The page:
Common Franchise Problems – Arizona
February 28, 2020
Common Franchise Problems – Arizona
Franchise relationships can be very enticing. For the franchisor, it allows for an expansion of the business without a lot of capital investment. For the franchisee, it creates a path to starting a business with name recognition and critical systems in place.
However, not all franchise relationships go as planned. The following are some of the common problems with franchises:
Business Model is Not Successful
Many franchisees learn quickly that, although they bought into a franchise, it is not guaranteed that their business will be successful. In fact, it is not a fact that someone offering a franchise opportunity always has a successful business model. In many instances, franchise systems are not good business models; rather, they boast about how certain individuals in their system are successful.
In reality, these individuals are successful because they are quality business leaders with dynamic personalities, great networking abilities, and helpful referral sources and relationships. What many franchisees also learn is that merely the presence of an unsuccessful business model is not probably a means to walk away from the franchise after signing the agreement.
Revenues Sharing is Too High
All franchise agreements require that franchisees pay a portion of their gross revenue (not profits) to the franchisor. This can be as high as 10 percent. While it may not seem like much, that amount of revenue sharing can be the difference between viability and insolvency. On top of that, if a franchisee pays late, then follow the late fees, penalties and interest.
Bad Commercial Lease Agreement
While this is not directly related to the franchise agreement, most franchisees are required to buy/rent space to operate the franchise, which does not come as part of the agreement. As a result, franchisees negotiate their own commercial leases with landlords.
Unfortunately, commercial leases are as unforgiving as franchise agreements. They often require security deposits, tenant improvement costs, and general area expenses. For any new business, it is difficult to keep up with these costs. And since business is usually not steady (it has high and low seasons), it is easy to overcommit to an unaffordable commercial space.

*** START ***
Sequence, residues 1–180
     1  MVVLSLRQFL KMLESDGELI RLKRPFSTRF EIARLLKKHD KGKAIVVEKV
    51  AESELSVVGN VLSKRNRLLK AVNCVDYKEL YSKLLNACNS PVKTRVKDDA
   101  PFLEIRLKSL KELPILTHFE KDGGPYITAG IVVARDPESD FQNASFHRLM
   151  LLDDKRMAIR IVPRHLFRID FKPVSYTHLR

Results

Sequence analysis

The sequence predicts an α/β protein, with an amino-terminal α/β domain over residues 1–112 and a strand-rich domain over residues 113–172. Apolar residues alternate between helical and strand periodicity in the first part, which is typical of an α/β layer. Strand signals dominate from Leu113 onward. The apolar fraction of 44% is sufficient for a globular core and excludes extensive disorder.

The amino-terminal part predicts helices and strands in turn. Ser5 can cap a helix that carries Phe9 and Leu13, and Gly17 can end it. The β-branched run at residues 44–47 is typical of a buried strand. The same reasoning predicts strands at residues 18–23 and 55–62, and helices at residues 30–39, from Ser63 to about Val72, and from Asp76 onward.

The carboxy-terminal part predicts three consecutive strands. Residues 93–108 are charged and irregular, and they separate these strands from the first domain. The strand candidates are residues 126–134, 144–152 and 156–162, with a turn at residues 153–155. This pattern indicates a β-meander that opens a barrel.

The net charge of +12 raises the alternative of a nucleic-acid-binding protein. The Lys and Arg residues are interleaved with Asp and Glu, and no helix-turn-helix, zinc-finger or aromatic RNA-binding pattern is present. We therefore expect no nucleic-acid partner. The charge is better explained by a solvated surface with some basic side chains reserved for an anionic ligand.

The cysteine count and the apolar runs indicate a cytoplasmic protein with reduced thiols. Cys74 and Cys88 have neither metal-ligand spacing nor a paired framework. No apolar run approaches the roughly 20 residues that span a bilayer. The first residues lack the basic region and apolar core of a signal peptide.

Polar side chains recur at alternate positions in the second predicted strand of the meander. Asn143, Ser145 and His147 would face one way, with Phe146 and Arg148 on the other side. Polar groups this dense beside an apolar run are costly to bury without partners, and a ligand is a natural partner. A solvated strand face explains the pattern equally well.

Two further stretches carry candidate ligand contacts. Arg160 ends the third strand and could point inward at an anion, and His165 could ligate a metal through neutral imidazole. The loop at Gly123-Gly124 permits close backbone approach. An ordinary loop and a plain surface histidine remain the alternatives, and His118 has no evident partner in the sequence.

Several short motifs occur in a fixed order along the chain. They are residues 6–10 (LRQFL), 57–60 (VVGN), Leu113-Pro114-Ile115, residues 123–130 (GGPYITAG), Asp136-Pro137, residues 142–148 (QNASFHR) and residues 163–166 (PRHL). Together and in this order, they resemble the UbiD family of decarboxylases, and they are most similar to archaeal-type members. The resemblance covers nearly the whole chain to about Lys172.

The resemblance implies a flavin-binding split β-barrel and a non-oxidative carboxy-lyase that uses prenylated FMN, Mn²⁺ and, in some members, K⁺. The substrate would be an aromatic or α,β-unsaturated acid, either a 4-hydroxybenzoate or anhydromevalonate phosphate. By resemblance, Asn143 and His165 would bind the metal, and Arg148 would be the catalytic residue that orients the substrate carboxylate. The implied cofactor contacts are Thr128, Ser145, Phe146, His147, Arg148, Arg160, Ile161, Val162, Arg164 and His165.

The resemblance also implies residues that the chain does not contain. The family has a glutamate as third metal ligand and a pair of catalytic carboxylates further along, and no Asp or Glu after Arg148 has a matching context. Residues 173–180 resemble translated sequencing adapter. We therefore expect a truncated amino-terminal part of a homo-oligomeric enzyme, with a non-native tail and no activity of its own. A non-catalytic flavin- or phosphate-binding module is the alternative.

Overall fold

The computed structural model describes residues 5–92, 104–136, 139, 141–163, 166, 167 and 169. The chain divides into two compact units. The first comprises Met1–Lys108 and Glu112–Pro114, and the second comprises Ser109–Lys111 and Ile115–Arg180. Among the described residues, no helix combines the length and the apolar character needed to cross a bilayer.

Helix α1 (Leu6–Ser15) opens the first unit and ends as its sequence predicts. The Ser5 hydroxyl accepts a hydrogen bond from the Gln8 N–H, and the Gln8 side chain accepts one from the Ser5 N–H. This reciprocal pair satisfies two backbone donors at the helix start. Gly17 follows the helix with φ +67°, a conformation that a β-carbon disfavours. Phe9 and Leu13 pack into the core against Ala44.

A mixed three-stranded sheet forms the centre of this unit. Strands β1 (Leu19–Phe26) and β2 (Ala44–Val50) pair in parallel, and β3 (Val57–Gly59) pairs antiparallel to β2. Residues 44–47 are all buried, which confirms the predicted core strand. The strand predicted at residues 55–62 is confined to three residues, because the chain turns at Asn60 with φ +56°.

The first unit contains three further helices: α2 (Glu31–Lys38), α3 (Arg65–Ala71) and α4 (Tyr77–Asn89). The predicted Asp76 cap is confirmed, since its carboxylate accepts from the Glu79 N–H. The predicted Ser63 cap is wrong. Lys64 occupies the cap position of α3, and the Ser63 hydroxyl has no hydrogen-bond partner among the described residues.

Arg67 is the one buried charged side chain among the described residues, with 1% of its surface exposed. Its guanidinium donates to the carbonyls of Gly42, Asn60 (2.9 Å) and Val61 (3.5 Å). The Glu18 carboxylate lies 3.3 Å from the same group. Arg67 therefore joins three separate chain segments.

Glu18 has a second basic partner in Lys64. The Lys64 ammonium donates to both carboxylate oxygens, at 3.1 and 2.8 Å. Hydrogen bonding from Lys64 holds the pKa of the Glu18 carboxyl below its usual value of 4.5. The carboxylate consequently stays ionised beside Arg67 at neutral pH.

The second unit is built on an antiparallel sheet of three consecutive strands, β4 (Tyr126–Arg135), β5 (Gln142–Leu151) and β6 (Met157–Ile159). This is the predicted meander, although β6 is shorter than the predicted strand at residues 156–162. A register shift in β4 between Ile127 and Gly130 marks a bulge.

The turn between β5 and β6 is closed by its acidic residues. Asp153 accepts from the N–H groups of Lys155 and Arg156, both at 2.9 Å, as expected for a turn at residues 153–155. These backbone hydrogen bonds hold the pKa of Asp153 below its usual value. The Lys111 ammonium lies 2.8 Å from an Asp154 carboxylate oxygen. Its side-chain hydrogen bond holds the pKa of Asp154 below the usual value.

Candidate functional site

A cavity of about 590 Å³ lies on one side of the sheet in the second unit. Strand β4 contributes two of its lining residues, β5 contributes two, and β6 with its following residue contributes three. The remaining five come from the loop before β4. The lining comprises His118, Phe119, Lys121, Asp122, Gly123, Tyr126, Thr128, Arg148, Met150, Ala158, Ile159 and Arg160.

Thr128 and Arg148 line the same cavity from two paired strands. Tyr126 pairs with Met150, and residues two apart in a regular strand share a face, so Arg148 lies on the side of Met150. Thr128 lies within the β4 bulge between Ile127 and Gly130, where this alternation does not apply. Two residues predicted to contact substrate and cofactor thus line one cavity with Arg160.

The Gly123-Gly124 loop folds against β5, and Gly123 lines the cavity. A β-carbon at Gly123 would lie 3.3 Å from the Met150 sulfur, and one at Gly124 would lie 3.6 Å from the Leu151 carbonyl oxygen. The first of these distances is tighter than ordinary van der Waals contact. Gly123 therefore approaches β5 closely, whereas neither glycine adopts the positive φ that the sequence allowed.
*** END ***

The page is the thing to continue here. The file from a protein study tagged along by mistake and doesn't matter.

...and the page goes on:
All businesses rely on good employees and franchises are no different. Employee issues (employee embezzlement, lack of proper skills, employee lawsuits against the business, employee non-compliance with franchise rules, etc.) can sink your fledgling franchise. It is not uncommon that a franchise’s demise stems from employees’ unfavorable actions.
Even behind the backdrop, many franchisees go into business with a partner. Partner disputes can often arise over how much money to reinvest in the business, how to properly market the product or service, or even how much time each partner should spend on the franchise business (as people often have more than one business interest).
Lack of Support from Franchisor
Finally, while franchises are supposed to have a turn-key operation with all the kinks figured out, this is not always the case. There could be turnover at the franchisor corporate office that poses limitations, or the franchisor simple does not have the knowledge or awareness to successfully operate a business in your area. Without proper support, most franchises never leave the ground.
Contact Counxel Legal Firm
We regularly assist franchise owners through their franchise growth and disputes with the franchisor. To get the help you need, contact a member of Counxel Legal Firm at 480-536-6122 or at email@example.com to set up a time to meet to go over your legal matter.
This article is intended for informational purposes only and does not constitute legal advice for your specific situation. Use of and access to this article does not create an attorney-client relationship between you and Counxel Legal Firm. Please contact firstname.lastname@example.org or 480-536-6122 to request specific information for your situation.
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